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L.A. council members want city attorney to resolve probe of Michael Jackson memorial

The city attorney's 'criminal investigation' of the event is hampering officials' efforts to recoup some of the $3.2-million cost of police and other city services from L.A. Live developer AEG.

December 07, 2009|By Phil Willon and Maeve Reston
  • A woman waits in front of Staples Center last July for the Michael Jackson memorial to begin. Los Angeles officials say police and other city services for the event cost more than $3 million.
A woman waits in front of Staples Center last July for the Michael Jackson… (Jay L. Clendenin / Los Angeles…)

Los Angeles City Councilwoman Jan Perry said Monday that entertainment company AEG probably will not help defray the $3.2-million cost of police and other city services for the Michael Jackson memorial until the city attorney resolves his "criminal investigation" into the spending.

"Threats are not conductive to asking people to make a donation," Perry said, referring to the inquiry ordered by City Atty. Carmen Trutanich. Later, she added, "We're faced with the sword hanging over AEG's head. . . . I do not expect that AEG will do anything while the threat of prosecution is hanging over their head."

Members of the council's public safety panel asked Trutanich to update them by Friday on the status of his investigation into the city's costs during the July memorial at Staples Center.

Chief Deputy City Atty. William Carter said city prosecutors had no comment on Perry's statement or on the status of their investigation.

Perry, who represents a downtown district that has been revitalized by Anschutz Entertainment Group's Staples Center and L.A. Live development, said there has been unnecessary drama after the Jackson memorial.

Jackson died unexpectedly as AEG was promoting his international comeback tour.

Before Trutanich announced in July that he was looking into "criminal aspects" surrounding the memorial, Perry said she and officials from Mayor Antonio Villaraigosa's office had productive conversations with the head of AEG, Tim Leiweke, about a donation to defray some costs.

Public Safety Committee Chairman Greig Smith said Trutanich has not shared any details about his investigation. "There is nothing gained by prolonging this any further," Smith said. "We are going to be partners with AEG for a long, long time and the last thing we want to do is have an unproductive relationship, so it's in all our best interests to resolve this quickly."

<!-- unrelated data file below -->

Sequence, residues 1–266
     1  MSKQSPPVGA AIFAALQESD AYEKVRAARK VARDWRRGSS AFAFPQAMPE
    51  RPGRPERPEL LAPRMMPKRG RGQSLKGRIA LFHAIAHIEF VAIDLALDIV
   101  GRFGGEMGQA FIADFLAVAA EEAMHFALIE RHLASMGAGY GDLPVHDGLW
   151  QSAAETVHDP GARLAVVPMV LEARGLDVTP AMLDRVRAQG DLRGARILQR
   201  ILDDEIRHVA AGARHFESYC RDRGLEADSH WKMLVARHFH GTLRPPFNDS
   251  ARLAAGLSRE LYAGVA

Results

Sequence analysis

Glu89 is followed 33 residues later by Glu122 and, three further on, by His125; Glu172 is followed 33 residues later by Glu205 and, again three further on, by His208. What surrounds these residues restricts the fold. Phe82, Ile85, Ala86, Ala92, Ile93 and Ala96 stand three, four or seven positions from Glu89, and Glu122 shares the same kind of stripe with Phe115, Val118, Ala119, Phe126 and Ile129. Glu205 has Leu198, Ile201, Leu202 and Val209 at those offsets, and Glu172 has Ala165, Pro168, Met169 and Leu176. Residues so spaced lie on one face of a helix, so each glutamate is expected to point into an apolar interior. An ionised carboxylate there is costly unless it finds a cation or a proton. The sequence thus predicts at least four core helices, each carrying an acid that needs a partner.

Councilman Dennis Zine, who served on Trutanich's transition committee and has called for AEG to reimburse the city, said he planned to personally ask the city attorney to appear to provide an update on the inquiry. It's unfair to AEG to allow speculation about a criminal investigation to linger, he said.

"There appears to be a cloud over their head. We need to get that removed," Zine said. "To the benefit of AEG/Staples, for the benefit of the city of Los Angeles, we need to close this matter one way or another."

In October, Leiweke told The Times that he and Trutanich had discussed reimbursement during a private meeting over the summer. But when Trutanich said he'd "go after" the company if it didn't pay $6 million, Leiweke said, he walked away from discussions.

Trutanich acknowledged meeting with Leiweke but told The Times he never asked for $6 million and did not make any threats. The figure he discussed with Leiweke, he said in October, was closer to $2 million or $3 million.

Shortly after the memorial, Villaraigosa said it would be "nonsensical" to bill AEG or the Jackson family for the cost, since neither had any authority over the city's response to the private event.

However, the controversy was stirred up again in September after the Jackson estate agreed to pay Glendale $125,000 to reimburse the cost of police protection during Jackson's funeral at Forest Lawn Memorial-Park.

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